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May 29, 2020

Smoky Mountains Are Home to Amazing Creatures!

The Great Smoky Mountains are home to 150 types of land snail.

The land snail’s shell is beautiful in both design and color.

The Great Smoky Mountains contain a myriad of flora and fauna.  Some of you may have seen this little critter we photographed and posted on our Facebook page.  We were eager to learn more about it.  And just in time, the May issue of Smokies Live hit our inbox.  This is a publication of the Great Smoky Mountains Association and contains well-researched articles on a myriad of topics.  One such article is “Permanent Camp:  Land Snails”  http://www.smokiesinformation.org.  Thanks to George Ellison for this interesting article.  And we appreciate the beautiful illustration by Elizabeth Ellison.

The article identifies land snails as terrestrial gastropods in the phylum Mollusca.  Worldwide, there are more than 100,000 members of the land snail species.  About 150 of these can be found in our very own National Park!  Land snails are fascinating to watch.  They move by muscular contraction.  The taller of their two sets of tentacles have eyes on their tips.  The shorter set enables the snail to smell.

Where Can You Find Snails in the Great Smoky Mountains?

Just about everywhere, according to the article.  They prefer moist, shady conditions.  The article quotes Dan and Judy Dourson (authors of Land Snails of the Great Smoky Mountains).  “The base of large diameter tree species such as black and butternut walnut can sometimes yield high numbers of land snails.”  

The Great Smoky Mountains Association (GSMA) is a nonprofit that supports the preservation of the Park.  They offer many resources to enhance public understanding and appreciation of the Park through education, interpretation and research.  Membership in the GSMA includes subscriptions to their print magazine and electronic newsletters.  Members also are entitled to shopping discounts at visitor center stores.  We encourage you to consider membership in the GSMA and join us in becoming stewards of the Great Smoky Mountains National Park.

May 18, 2020

Why Are They Called “Salads”?

Today we picked a mix of beautiful greens for salads for our dinner guests.  The bowl of colorful greens had us wondering about the origins of this dish.

Fresh, beautiful greens are the start of many delicious salads.

These greens only need a drizzle of a flavorful dressing.

The word “salad” comes from the ancient Latin word “sal” for “salt”.  In ancient times, salt was an important ingredient in dressing.  You might be surprised to learn that ancient Romans and Greeks enjoyed raw vegetables with dressing.  Typically the vegetables would be dressed with vinegar, oil, herbs, and salt.  “Salata” literally means “salted herb”.  The dish became more complex over time.  In the 1700’s chef’s began to create composed salads with layers of ingredients.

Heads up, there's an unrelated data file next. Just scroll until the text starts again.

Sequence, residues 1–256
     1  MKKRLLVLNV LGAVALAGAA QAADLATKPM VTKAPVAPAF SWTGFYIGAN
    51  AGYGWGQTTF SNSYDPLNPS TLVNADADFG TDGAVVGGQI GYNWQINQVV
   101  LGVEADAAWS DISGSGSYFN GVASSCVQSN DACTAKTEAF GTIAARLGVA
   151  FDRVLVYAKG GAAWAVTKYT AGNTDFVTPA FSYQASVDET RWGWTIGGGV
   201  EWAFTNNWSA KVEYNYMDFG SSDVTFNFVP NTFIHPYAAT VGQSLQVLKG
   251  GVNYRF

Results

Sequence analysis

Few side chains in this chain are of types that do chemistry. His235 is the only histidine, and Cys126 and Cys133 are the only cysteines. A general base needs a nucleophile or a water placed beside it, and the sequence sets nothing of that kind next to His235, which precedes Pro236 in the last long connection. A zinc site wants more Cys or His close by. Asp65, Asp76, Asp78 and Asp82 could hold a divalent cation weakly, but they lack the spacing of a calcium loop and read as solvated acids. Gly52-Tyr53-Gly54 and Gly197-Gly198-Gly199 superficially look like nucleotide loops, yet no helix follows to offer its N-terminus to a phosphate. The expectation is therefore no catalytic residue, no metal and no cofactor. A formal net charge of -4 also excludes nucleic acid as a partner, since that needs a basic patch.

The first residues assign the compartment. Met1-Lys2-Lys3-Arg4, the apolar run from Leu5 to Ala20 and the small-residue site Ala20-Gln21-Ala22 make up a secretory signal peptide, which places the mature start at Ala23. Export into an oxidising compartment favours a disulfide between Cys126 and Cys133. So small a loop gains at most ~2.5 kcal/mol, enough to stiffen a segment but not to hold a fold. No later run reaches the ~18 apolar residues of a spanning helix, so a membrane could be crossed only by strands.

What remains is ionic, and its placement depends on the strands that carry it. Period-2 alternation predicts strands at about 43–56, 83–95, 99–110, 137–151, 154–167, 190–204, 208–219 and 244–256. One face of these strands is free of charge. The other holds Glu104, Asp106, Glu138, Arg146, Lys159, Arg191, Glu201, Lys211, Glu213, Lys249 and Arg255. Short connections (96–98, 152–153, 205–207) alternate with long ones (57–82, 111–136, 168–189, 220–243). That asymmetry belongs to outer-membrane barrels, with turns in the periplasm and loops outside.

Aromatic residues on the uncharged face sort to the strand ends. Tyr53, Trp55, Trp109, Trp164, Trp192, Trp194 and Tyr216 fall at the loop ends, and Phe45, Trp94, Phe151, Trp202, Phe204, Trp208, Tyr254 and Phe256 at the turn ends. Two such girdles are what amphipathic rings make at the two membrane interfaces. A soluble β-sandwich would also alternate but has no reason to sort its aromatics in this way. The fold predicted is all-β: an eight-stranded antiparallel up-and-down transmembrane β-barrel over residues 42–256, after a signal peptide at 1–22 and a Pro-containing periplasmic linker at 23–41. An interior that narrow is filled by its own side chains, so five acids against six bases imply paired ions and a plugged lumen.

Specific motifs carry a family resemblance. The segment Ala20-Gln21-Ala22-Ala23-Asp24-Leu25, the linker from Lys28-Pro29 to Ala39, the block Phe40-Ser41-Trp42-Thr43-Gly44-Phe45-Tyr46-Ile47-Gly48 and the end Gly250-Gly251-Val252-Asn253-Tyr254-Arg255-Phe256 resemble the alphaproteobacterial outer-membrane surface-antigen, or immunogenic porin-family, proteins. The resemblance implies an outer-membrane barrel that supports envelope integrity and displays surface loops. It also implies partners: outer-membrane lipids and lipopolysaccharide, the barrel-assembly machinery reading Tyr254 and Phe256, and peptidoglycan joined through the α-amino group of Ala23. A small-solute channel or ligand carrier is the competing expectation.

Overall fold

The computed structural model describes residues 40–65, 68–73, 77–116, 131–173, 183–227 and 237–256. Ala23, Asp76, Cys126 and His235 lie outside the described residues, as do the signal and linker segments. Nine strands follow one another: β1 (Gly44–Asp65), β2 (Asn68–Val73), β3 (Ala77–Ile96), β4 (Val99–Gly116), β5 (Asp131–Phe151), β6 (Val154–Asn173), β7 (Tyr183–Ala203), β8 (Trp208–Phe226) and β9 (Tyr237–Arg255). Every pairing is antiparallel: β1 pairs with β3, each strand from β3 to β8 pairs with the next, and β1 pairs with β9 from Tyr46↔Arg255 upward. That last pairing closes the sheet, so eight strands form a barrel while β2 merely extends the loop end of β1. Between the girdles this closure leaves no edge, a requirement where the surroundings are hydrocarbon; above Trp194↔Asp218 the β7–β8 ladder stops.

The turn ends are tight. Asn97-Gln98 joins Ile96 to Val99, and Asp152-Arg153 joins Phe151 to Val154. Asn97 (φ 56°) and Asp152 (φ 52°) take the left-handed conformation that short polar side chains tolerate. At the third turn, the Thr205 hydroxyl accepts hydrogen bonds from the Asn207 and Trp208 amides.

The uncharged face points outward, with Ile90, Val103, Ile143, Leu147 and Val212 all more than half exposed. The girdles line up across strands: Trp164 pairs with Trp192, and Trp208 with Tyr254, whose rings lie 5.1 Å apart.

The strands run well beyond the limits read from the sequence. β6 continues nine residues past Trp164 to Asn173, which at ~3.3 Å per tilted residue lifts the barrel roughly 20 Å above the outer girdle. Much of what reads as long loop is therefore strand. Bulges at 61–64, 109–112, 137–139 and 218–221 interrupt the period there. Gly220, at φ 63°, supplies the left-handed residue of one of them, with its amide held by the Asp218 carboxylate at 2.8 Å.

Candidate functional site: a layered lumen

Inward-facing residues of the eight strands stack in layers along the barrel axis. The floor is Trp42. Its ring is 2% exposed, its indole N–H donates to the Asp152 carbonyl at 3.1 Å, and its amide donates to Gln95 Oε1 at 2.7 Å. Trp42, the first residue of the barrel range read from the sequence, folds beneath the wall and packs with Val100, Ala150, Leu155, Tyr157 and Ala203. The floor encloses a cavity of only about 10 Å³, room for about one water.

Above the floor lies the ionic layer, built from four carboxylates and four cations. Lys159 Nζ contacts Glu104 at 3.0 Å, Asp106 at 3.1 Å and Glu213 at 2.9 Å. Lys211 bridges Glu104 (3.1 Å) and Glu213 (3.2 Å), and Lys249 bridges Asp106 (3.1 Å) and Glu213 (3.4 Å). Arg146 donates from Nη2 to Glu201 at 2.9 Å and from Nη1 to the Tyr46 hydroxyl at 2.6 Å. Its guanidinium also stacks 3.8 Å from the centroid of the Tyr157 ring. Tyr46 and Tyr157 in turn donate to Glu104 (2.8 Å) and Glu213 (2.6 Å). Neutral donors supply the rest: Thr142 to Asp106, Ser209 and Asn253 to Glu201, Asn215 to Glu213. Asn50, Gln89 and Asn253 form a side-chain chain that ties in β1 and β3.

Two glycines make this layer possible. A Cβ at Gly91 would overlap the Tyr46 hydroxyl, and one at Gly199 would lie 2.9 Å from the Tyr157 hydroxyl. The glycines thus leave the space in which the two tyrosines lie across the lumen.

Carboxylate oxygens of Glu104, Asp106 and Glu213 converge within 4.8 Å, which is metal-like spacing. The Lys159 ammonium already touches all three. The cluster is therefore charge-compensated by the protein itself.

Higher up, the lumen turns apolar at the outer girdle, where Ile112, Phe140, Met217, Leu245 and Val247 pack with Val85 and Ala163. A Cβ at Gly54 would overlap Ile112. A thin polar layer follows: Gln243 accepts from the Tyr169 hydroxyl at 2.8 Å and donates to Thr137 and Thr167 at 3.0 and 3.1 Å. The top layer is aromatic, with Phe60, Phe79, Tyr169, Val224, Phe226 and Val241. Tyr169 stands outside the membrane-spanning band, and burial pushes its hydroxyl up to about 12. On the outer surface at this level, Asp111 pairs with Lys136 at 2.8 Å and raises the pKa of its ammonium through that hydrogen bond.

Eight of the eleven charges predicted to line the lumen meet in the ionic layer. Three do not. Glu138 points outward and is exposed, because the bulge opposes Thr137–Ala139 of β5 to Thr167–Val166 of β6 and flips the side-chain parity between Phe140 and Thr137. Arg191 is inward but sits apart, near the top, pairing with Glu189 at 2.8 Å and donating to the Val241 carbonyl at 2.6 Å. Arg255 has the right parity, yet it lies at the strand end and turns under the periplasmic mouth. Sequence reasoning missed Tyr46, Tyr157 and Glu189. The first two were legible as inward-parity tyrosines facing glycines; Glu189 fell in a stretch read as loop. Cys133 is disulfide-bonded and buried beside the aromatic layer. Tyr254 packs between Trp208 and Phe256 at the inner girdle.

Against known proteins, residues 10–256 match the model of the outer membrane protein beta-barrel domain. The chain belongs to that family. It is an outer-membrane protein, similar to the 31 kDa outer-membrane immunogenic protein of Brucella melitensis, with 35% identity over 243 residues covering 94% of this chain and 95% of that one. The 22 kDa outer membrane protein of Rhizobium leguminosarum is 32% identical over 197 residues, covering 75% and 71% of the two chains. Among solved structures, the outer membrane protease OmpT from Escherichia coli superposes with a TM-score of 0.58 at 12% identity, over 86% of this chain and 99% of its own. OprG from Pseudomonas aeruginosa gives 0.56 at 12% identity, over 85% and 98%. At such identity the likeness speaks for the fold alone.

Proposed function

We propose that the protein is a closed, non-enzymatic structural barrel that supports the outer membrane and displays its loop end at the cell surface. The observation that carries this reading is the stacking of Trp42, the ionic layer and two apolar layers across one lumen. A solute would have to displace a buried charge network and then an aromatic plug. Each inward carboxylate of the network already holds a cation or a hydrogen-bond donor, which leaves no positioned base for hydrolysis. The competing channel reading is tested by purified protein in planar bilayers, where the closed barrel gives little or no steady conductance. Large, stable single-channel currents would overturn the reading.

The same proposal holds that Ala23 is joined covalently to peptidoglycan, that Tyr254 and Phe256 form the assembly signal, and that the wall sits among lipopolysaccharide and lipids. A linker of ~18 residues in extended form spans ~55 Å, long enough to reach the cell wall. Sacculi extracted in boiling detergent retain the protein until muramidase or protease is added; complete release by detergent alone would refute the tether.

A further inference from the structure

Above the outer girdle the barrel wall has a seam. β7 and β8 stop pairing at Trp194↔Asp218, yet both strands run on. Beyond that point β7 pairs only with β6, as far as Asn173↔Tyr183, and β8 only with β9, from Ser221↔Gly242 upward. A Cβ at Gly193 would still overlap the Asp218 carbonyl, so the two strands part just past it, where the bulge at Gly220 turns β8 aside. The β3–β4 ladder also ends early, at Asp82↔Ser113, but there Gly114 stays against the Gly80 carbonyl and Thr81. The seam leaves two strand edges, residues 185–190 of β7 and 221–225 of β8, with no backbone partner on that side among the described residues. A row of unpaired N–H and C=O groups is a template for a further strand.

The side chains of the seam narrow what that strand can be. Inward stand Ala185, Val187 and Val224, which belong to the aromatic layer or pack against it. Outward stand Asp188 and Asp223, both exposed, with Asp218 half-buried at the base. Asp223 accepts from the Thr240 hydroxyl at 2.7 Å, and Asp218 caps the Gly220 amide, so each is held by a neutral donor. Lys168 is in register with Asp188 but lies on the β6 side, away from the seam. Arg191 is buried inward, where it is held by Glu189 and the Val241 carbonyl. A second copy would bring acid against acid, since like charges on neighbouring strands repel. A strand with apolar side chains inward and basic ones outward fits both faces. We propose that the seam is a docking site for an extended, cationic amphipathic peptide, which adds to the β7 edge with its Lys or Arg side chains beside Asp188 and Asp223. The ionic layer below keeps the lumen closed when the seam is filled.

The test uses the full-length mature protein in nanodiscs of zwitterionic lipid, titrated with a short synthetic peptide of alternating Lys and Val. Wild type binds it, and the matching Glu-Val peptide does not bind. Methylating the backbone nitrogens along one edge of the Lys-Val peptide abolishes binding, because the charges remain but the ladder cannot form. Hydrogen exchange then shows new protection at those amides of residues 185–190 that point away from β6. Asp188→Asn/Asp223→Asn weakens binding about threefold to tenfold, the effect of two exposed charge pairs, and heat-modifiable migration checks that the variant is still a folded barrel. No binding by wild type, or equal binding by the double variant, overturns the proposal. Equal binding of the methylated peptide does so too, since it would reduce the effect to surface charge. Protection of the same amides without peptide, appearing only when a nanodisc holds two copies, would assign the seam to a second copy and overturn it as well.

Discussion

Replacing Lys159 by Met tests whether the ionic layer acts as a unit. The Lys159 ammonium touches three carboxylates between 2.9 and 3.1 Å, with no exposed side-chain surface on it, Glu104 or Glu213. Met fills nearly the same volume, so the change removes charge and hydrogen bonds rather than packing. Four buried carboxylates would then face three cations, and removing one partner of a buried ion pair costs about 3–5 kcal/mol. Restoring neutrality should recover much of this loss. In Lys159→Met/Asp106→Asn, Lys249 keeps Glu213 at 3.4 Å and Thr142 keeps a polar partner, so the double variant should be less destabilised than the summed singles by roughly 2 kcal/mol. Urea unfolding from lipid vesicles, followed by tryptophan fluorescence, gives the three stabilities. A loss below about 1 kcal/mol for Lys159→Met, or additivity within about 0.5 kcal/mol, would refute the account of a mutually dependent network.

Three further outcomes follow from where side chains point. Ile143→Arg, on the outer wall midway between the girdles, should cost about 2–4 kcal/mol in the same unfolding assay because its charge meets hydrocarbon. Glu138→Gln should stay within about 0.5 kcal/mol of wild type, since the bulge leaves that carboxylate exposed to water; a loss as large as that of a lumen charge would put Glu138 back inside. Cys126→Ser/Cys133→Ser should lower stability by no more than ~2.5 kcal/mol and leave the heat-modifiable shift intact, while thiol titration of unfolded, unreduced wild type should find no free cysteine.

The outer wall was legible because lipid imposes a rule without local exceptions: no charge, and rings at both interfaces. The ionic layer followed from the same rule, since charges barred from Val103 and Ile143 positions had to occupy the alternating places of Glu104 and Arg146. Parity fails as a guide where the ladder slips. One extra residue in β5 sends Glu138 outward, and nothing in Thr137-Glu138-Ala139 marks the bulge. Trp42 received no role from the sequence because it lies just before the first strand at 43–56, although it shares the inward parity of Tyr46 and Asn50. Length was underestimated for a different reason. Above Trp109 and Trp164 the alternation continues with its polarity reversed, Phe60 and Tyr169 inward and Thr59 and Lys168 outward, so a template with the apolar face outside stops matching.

Today any entrée or side dish that is composed of a mixture of ingredients and intended to be eaten cold is a salad.  Some recipes are world famous.  Master chefs of the International Society of Epicures in Paris voted Caesar Salad as the greatest recipe to originate from the Americas in 50 years.  The Cobb was invented at the Brown Derby restaurant in 1937.  Crab Louie began appearing on menus at the turn of the 20th century.  Nicoise features garlic, tomatoes, anchovies, black olives, capers, and lemon juice.  It is named for the city of Nice, France.  A private party for the pre-opening of New York’s Waldorf Astoria Hotel on March 13, 1893 led to the first serving of Waldorf Salad. http://www.whatscookingamerica.net

The recipe below could be the start of your own famous salad!  Fresh mixed greens and vine-ripened tomatoes.  Just add a drizzle of lemon basil dressing and you will enjoy a taste of summer.

Lemon Basil Dressing for Salads

 ¼         Cup     Diced onions

1          Tbl       Minced garlic

1          Tsp      Dijon mustard

½         Cup     Fresh basil leaves

1          Tsp      Salt

½         Tsp      Pepper

1          Tbl       Sugar

¼         Cup     Mayonnaise

½         Cup     Lemon juice

Combine the ingredients above in mixing bowl of food processor.

Add slowly while processing:

1 ½      Cups    Combined Olive and canola oil

Chill and serve over salad greens.

Yield: About 2 cups

May 11, 2020

National Park Begins Phased Reopening

Saturday, May 9, 2020 marked the first phase of the reopening of the Great Smoky Mountains National Park.  This phase, expected to last about two weeks, includes some popular destinations.  The Park will open Newfound Gap, Little River, Cherokee Orchard, Laurel Creek, Cades Cove Loop, Lakeview Drive, and Deep Creek Roads.  The restrooms and picnic areas along the roads will be open as well.  However, visitor centers and campgrounds will remain closed for this period.  The phased-in reopening follows guidance from the White House, Centers for Disease Control and Prevention, and local public health authorities.